Adi at the bookstore up the street scribbled a map on a piece of paper: right at the statue, left at the traffic light, elephant cave on the right, holy water temple 10 klicks up the road.
So to the elephant cave, and after buying my ticket and descending the steps I find, as per usual, a clutch of guides waiting to latch on to tourists. One of them, whose name is Made, asks me how I'm doing, and, unusually for me, I actually engage him in conversation. He ends up walking me around the cave and temple complex, giving detailed and precise information about everything we saw.
Made's easily the brightest guide I've had on my trip. His speech patterns are the same as most Balinese English-speakers, but communications are nearly frictionless, and he uses words like "auspicious" and "microcosm" in ways that clearly aren't rote. He's 21, and studies English and religion at his local temple. University is out of the question, too expensive.
At the end, of the tour, Made asks if I'd like to attend a cremation ceremony at his village the next day. Remembering something from the guidebook about cremation being the most ... something of Balinese religious ceremonies, I said yes. Next morning Kristin and I jump on the motorbike and meet Made at the elephant cave, and then follow him through a net of little roads past rice terraces to his village.
Most Balinese are Hindu, and the main purpose of the cremation ceremony as Made explained it to us is to help the dead person's spirit move on to the next world. There's a torch to light the way, since the spirit world is dark. The body is spun around many times on its way to the cremation site, to prevent it from finding its way back to its home in this world. There's a lot of unnecessary shouting. It's a decent party.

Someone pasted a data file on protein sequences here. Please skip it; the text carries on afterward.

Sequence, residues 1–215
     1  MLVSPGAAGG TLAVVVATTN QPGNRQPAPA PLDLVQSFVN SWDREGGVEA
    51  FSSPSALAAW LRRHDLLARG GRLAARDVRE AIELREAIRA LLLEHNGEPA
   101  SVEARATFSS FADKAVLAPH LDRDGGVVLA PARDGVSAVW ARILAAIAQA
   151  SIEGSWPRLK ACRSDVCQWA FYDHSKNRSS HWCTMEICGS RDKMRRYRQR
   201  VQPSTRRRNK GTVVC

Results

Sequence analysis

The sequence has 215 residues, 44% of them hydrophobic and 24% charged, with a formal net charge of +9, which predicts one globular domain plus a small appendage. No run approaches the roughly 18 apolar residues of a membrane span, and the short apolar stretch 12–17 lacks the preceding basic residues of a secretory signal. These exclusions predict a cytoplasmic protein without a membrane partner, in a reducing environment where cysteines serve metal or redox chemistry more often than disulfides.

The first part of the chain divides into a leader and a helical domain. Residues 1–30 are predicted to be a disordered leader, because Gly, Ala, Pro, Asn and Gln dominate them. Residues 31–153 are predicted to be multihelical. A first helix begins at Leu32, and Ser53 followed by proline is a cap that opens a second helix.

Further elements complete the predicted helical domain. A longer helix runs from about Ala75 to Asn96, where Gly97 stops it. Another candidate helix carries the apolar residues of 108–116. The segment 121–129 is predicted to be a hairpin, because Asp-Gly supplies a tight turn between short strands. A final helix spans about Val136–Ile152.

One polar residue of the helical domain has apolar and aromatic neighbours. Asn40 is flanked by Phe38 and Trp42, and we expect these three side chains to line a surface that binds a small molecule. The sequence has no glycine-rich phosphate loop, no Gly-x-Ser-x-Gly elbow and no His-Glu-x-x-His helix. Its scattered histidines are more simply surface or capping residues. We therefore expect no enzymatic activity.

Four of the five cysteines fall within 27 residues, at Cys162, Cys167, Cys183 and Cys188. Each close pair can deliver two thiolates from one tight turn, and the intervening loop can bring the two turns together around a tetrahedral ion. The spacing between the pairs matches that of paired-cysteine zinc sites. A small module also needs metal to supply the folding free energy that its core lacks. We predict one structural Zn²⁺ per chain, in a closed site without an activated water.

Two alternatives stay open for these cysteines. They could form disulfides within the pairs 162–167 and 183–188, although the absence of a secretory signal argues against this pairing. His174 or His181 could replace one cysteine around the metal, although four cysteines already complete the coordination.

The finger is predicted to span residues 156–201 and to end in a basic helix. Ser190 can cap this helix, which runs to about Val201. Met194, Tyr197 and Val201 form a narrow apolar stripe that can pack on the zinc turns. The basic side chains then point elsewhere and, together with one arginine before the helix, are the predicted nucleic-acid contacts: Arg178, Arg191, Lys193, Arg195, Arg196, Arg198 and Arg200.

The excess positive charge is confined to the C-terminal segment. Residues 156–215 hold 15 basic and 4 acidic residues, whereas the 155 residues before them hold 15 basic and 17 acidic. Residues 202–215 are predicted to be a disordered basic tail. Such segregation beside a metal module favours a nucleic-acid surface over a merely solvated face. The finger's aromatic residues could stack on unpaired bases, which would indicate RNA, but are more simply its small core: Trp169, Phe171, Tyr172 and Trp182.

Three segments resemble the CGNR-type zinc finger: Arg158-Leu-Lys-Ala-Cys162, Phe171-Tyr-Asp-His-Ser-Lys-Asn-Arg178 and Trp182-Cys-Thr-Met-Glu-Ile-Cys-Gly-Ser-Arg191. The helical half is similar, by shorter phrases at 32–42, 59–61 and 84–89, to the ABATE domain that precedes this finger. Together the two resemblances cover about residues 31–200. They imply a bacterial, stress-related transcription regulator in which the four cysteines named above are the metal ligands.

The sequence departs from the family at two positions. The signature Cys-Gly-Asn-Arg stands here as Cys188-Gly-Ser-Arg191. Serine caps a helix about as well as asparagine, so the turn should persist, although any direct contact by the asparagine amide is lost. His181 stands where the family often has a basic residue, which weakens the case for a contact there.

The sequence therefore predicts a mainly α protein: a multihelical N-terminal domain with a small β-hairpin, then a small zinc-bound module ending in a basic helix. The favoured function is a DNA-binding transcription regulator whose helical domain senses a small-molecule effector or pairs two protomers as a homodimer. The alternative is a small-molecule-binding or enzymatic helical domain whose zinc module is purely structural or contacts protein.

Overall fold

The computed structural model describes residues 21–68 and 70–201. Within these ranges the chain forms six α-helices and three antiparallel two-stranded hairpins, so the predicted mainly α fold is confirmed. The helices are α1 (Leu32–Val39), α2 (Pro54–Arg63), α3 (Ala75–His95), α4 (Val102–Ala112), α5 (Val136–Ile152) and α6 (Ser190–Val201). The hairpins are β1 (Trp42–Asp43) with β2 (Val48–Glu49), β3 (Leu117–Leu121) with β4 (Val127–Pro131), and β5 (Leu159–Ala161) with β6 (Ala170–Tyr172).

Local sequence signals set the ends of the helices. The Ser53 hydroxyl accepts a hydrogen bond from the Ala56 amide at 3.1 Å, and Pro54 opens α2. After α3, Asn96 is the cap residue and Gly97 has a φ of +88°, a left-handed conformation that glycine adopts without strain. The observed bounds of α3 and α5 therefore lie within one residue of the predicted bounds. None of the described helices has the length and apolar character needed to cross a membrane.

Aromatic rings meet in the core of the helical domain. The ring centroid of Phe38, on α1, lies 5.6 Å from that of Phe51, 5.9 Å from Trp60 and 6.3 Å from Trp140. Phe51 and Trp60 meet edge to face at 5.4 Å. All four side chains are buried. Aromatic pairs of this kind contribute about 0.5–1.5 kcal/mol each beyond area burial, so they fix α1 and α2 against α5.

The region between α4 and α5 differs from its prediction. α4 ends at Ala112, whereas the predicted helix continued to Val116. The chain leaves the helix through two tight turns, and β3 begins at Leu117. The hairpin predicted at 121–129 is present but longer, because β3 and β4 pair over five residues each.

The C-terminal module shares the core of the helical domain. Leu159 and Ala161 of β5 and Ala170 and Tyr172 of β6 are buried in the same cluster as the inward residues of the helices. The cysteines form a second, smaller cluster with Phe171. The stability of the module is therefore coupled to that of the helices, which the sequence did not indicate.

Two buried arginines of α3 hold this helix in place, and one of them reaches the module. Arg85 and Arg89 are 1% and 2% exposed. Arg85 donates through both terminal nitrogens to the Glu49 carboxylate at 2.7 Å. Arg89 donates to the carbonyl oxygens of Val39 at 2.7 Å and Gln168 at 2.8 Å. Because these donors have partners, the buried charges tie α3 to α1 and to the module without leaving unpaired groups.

Made can't quite believe that Kristin and I aren't dating. He asks a couple times, laughing before and after the question. He thinks Western men are lucky - the idea of sex before marriage intrigues him greatly. He thinks Westerners in general are lucky: money, the ability to travel, personal freedom. Kristin points out the parts of Balinese society that she thinks Made's lucky to have: the close-knit communities, the relaxed rhythm of life here. But we both have to agree, we were born lucky.
Two wooden bulls containing the remains of the deceased burn quickly, assisted by gas tanks. A light dusting of ash scatters over the crowd as we leave.
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